18. Dietary Reference Intakes for Water, Potassium, Sodium, Chloride, and Sulfate. Washington D.C.: National Academy Press; 2005.
  19. Mayo Clinic Staff. How much water do you need to stay healthy? Mayo Clinic. https://www.mayoclinic.org/healthy-lifestyle/nutrition-and-healthy-eating/in-depth/water/art-20044256. Published October 14, 2020. Accessed May 28, 2021.
  20. Callahan A, Leonard H, Powell T. The Functions of Fats. Nutrition Science and Everyday Application. https://openoregon.pressbooks.pub/nutritionscience/chapter/5a-function-of-fats/. Published October 14, 2020. Accessed May 28, 2021.
  21. National Research Council (US) Committee on Diet and Health. Diet and Health: Implications for Reducing Chronic Disease Risk. Washington (DC): National Academies Press (US); 1989. 7, Fats and Other Lipids. Available from: https://www.ncbi.nlm.nih.gov/books/NBK218759/
  22. Types of Fat. Harvard T.H. Chan School of Public Health. https://www.hsph.harvard.edu/nutritionsource/what-should-you-eat/fats-and-cholesterol/types-of-fat/. Published July 24, 2018. Accessed May 28, 2021.
  23. The truth about fats: the good, the bad, and the in-between. Harvard Health Publishing. https://www.health.harvard.edu/staying-healthy/the-truth-about-fats-bad-and-good. Published December 11, 2019. Accessed May 28, 2021.
  24. Morrow WJ, Ohashi Y, Hall J, et al. Dietary fat and immune function. I. Antibody responses, lymphocyte and accessory cell function in (NZB x NZW)F1 mice. J Immunol. 1985;135(6):3857-3863.
  25. Weiler N. Saturated Fat ‘Short-Circuits’ Immune Cells To Trigger Inflammation. Saturated Fat ‘Short-Circuits’ Immune Cells To Trigger Inflammation | UC San Francisco. https://www.ucsf.edu/news/2016/03/401906/saturated-fat-short-circuits-immune-cells-trigger-inflammation. Published March 10, 2016. Accessed May 28, 2021.
  26. Food and nutrition tips during self-quarantine. World Health Organization. https://www.euro.who.int/en/health-topics/health-emergencies/coronavirus-covid-19/publications-and-technical-guidance/food-and-nutrition-tips-during-self-quarantine. Accessed May 28, 2021.
  27. Cappuccio FP. Cardiovascular and other effects of salt consumption. Kidney Int Suppl (2011). 2013;3(4):312-315. doi:10.1038/kisup.2013.65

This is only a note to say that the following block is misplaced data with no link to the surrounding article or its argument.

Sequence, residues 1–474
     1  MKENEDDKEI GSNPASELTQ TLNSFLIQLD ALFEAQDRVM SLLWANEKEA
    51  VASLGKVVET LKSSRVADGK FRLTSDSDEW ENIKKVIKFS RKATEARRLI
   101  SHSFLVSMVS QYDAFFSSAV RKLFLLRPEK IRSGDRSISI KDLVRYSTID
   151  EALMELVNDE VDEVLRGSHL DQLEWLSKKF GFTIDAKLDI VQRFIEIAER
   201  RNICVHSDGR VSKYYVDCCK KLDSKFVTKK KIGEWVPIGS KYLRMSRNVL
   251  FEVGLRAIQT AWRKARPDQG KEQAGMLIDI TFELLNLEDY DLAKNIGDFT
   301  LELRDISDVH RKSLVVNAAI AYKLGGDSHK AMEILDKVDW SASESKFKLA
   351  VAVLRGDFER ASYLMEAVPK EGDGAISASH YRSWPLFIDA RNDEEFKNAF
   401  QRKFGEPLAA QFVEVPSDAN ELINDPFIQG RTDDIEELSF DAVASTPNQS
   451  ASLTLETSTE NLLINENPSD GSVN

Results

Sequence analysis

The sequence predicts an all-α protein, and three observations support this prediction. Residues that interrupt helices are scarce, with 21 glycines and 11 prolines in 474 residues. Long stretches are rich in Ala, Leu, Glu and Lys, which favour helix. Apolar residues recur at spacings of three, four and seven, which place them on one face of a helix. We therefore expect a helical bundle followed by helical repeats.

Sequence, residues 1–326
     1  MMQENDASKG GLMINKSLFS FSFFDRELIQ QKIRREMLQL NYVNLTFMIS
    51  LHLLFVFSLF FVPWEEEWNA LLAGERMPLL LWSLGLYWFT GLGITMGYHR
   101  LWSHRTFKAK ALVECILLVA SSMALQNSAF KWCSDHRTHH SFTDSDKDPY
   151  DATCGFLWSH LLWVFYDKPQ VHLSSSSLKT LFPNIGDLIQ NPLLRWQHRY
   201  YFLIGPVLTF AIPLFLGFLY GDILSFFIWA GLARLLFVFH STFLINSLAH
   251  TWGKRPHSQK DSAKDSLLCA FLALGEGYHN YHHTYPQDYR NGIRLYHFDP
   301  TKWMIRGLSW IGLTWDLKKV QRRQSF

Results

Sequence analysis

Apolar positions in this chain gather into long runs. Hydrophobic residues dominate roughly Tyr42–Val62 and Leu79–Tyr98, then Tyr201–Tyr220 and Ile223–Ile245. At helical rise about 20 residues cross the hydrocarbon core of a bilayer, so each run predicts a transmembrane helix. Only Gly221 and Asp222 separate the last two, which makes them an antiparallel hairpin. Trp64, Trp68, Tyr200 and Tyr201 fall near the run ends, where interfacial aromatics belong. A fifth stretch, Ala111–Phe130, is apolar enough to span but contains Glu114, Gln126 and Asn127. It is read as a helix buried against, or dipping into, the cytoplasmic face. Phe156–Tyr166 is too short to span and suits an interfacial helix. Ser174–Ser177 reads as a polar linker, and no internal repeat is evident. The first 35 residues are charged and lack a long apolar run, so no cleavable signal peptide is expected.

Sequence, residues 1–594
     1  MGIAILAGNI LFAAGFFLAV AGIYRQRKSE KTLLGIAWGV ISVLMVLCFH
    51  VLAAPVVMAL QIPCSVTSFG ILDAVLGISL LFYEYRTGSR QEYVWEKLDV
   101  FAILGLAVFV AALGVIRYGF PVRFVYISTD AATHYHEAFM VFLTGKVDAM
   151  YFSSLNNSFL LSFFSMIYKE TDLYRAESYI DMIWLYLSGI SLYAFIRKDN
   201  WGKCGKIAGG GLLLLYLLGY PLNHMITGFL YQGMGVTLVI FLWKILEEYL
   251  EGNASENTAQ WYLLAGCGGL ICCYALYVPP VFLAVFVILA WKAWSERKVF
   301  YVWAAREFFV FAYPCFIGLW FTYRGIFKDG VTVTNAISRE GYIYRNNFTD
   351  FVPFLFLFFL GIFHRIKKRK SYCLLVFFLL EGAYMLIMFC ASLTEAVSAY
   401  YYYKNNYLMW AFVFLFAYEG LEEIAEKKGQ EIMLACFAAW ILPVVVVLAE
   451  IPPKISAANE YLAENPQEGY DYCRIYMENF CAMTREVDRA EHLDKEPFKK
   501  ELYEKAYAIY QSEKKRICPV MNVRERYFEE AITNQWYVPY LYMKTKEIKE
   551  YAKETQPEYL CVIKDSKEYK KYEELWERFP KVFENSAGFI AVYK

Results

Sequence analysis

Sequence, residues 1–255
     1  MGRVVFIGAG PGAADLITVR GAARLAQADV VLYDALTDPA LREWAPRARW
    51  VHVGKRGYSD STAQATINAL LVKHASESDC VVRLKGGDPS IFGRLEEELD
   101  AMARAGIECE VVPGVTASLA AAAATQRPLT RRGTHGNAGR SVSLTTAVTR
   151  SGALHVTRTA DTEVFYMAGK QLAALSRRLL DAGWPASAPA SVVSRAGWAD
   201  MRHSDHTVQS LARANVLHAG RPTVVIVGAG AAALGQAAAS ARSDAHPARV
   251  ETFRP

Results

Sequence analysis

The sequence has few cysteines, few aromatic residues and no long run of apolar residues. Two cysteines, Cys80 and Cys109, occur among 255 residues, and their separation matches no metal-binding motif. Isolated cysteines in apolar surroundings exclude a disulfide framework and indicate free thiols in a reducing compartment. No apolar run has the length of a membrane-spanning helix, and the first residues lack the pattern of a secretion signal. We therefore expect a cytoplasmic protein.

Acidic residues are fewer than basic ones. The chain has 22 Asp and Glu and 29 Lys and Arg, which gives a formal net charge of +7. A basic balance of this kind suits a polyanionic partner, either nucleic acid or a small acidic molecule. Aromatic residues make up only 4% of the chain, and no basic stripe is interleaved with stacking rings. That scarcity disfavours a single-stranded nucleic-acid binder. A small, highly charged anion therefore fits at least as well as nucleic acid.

28. Jobin K, Stumpf NE, Schwab S, et al. A high-salt diet compromises antibacterial neutrophil responses through hormonal perturbation. Science Translational Medicine. 2020;12(536). doi:10.1126/scitranslmed.aay3850
  29. Salt is new culprit in autoimmunity. Yale School of Medicine. https://medicine.yale.edu/news/medicineatyale/salt-is-new-culprit-in-autoimmunity/. Published May 31, 2013. Accessed May 28, 2021.
  30. Salt reduction. World Health Organization. https://www.who.int/news-room/fact-sheets/detail/salt-reduction. Published April 29, 2020. Accessed May 28, 2021.
  31. Hidden in Plain Sight. SugarScience. https://sugarscience.ucsf.edu/hidden-in-plain-sight/#.YKJZGqHhXIU. Published December 7, 2018. Accessed May 28, 2021.
  32. Rippe JM, Angelopoulos TJ. Relationship between Added Sugars Consumption and Chronic Disease Risk Factors: Current Understanding. Nutrients. 2016;8(11):697. Published 2016 Nov 4. doi:10.3390/nu8110697
  33. Yu S, Zhang G, Jin LH. A high-sugar diet affects cellular and humoral immune responses in Drosophila. Exp Cell Res. 2018;368(2):215-224. doi:10.1016/j.yexcr.2018.04.032
  34. Added Sugars. www.heart.org. https://www.heart.org/en/healthy-living/healthy-eating/eat-smart/sugar/added-sugars. Accessed May 28, 2021.
  35. U.S. Department of Health and Human Services and U.S. Department of Agriculture. 2015 โ€“ 2020 Dietary Guidelines for Americans. 8th Edition. December 2015. Available at https://health.gov/our-work/food-nutrition/previous-dietary-guidelines/2015.
  36. Shang J, Wan Y, Luo C, et al. Cell entry mechanisms of SARS-CoV-2. Proceedings of the National Academy of Sciences. 2020;117(21):11727-11734. doi:10.1073/pnas.2003138117